This Game Series Came A Long Way In Just Two Short Years

This Game Series Came A Long Way In Just Two Short Years

Ah, the early 2000s. It was a time of great upheaval and revolution, particularly for PC graphics. Almost all at once, game designers could assume players had access to much more powerful 3D rendering technology, and game characters went from looking like weird, half-animated finger puppets to less-weird, more fully-animated finger puppets with faces.

Case in point: My current obsession, No One Lives Forever. The first game came out in November of 2000, the sequel a shade under two years later, in late September of 2002.

I finished the first game over the weekend and have been working my way through the second one this week, and I’m struck by how totally the game was overhauled in such a short amount of time. The games seem like they were released in entirely different eras. (In a way, they were!)

NOLF developer Monolith seems to have had a much larger budget to work with the second time around, but the technological increases also coincide with the broader boom in 3D PC graphics, and the number of gamers that had beefy 3D cards in their PCs. Remember, NOLF 2 came out just 2 years ahead of Half-Life 2, a game that somehow still holds up visually almost 10 years later.

For the sake of comparison, here’s the opening cinematic from No One Lives Forever:

And here’s the opening cinematic from the sequel:

Dang. Big difference. They’re emoting with their eyes and body language! They have ears!

The overhauls don’t stop at visuals, too — the sequel is a much more robust, “current” feeling game, with an RPG-like levelling system, greatly enhanced stealth (hooray for body-carrying!) and my favourite video-game move of all, the lean. Across the board, the game seems to have had a good deal more behind it than the first game. (Though it already seems that the sequel may lack that certain longwinded charm that the first game had, and I’m already not as into the story as I remember being.)

The closest more recent series to did something similar (that comes to mind) was Mass Effect, with a sizable production gulf between 2007’s Mass Effectand 2010’s Mass Effect 2. Though those games were separated by a bit more time and still weren’t quite as obviously different as the NOLF games. I’d imagine we might never get a period of change as substantial or consistent as the early 2000s, though it’ll be interesting to see if the coming generational console shift offers something close. We’ll see.


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  • The difference between Max Payne 1 & 2 at around the same time was similarly startling for me. Things comparatively move at a snail’s pace this days, there’s not really a massive difference between a modern game and one 5 or 6 years old.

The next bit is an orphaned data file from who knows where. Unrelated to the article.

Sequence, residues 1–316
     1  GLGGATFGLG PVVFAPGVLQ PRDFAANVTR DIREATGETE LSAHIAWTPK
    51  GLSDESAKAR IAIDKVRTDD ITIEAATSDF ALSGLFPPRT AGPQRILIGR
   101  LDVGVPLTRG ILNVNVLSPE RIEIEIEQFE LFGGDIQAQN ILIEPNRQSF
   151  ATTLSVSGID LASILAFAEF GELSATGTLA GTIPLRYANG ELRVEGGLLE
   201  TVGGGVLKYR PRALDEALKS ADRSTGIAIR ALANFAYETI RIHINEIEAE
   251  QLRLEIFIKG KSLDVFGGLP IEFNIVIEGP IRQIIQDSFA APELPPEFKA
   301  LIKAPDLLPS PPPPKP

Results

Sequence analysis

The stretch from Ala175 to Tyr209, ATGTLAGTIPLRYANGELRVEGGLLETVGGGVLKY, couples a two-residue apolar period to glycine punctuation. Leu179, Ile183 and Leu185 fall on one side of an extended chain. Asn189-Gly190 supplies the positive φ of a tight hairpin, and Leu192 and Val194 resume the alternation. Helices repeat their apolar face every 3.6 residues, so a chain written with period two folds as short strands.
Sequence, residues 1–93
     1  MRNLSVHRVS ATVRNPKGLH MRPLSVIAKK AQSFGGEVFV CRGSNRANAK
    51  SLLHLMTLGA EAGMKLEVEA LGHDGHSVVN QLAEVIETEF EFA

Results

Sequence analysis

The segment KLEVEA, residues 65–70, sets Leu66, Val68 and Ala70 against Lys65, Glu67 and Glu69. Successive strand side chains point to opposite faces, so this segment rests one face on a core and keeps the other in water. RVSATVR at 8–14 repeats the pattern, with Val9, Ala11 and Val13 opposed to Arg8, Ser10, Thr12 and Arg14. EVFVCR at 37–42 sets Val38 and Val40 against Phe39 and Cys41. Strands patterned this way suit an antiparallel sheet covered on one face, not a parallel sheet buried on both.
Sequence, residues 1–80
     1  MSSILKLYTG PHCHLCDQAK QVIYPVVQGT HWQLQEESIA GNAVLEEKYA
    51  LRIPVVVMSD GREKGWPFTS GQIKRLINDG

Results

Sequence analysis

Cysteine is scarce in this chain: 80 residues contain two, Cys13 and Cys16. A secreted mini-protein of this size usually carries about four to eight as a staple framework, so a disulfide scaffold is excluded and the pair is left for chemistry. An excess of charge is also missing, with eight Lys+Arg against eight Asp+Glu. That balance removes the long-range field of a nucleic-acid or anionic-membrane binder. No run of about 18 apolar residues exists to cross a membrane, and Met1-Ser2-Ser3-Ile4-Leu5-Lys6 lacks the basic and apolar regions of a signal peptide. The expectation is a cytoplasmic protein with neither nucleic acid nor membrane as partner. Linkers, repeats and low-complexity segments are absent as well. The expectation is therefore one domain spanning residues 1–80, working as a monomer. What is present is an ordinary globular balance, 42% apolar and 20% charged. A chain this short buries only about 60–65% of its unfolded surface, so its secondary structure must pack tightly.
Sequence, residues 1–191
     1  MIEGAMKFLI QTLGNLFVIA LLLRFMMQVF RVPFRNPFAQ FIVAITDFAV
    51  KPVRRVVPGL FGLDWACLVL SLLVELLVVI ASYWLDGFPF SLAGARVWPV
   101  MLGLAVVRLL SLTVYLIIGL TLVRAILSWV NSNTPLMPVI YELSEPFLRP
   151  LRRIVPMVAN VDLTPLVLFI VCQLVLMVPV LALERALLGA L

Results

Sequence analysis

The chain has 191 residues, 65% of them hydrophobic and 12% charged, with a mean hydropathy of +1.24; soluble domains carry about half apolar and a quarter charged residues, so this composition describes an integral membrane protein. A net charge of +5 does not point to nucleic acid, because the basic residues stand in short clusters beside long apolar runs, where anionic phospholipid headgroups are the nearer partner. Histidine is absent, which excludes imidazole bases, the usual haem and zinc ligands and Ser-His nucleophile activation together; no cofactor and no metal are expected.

• I think that’s largely to do with modern consoles (apart from Nintendo) having become somewhat of a poor mans PC. There was a much bigger divide in the games across various platforms back then, and everyone benefited for it.

      • There is also production cost to complexity ratio that limits developmentl. Development cycles for todays games are extremely tight and it costs time and resources to make a game that is highly graphically complex. Now that all platforms are virtually identical in terms of the “average” game, there is no real advantage to push the ceiling.

  • A good friend of mine made the asian levels at the beginning of NOLF2! Even by today’s standards, NOLF still looks great!

  • That and most games are developed primarily for consoles these days, and not a huge amount of effort goes into optimising the PC ports despite a modern PC being a hell of a lot more powerful than the current consoles. We’ll be seeing a pretty big leap in PC graphics once the PS4 and Bone come out.

    • The performance ceiling for the PC is always much higher, but that no longer matters. It is all about shifting units, not showing off. There is no financial gain in optimizing a console-port for PCs. It is expensive and not cost effective per unit sold.

  • Man, I wish they would figure out who (if anyone) has the rights to this already! I played the demo for NOLF2 back in the day and it was pretty fun. I never got around to buying it though 🙁

  • In consoles, look at the level of detail jump between FINAL FANTASY 7 and FINAL FANTASY 8, that was just scary good… it was pure night and day. FF8 was outright gorgeous.

  • Funny. I just happened to be thinking about NOLF last week and I’ve never actually played either game!

  • I love the game, but surely there’s retro games other than NOLF that you could cover? Every day I’ve seen a new article about it

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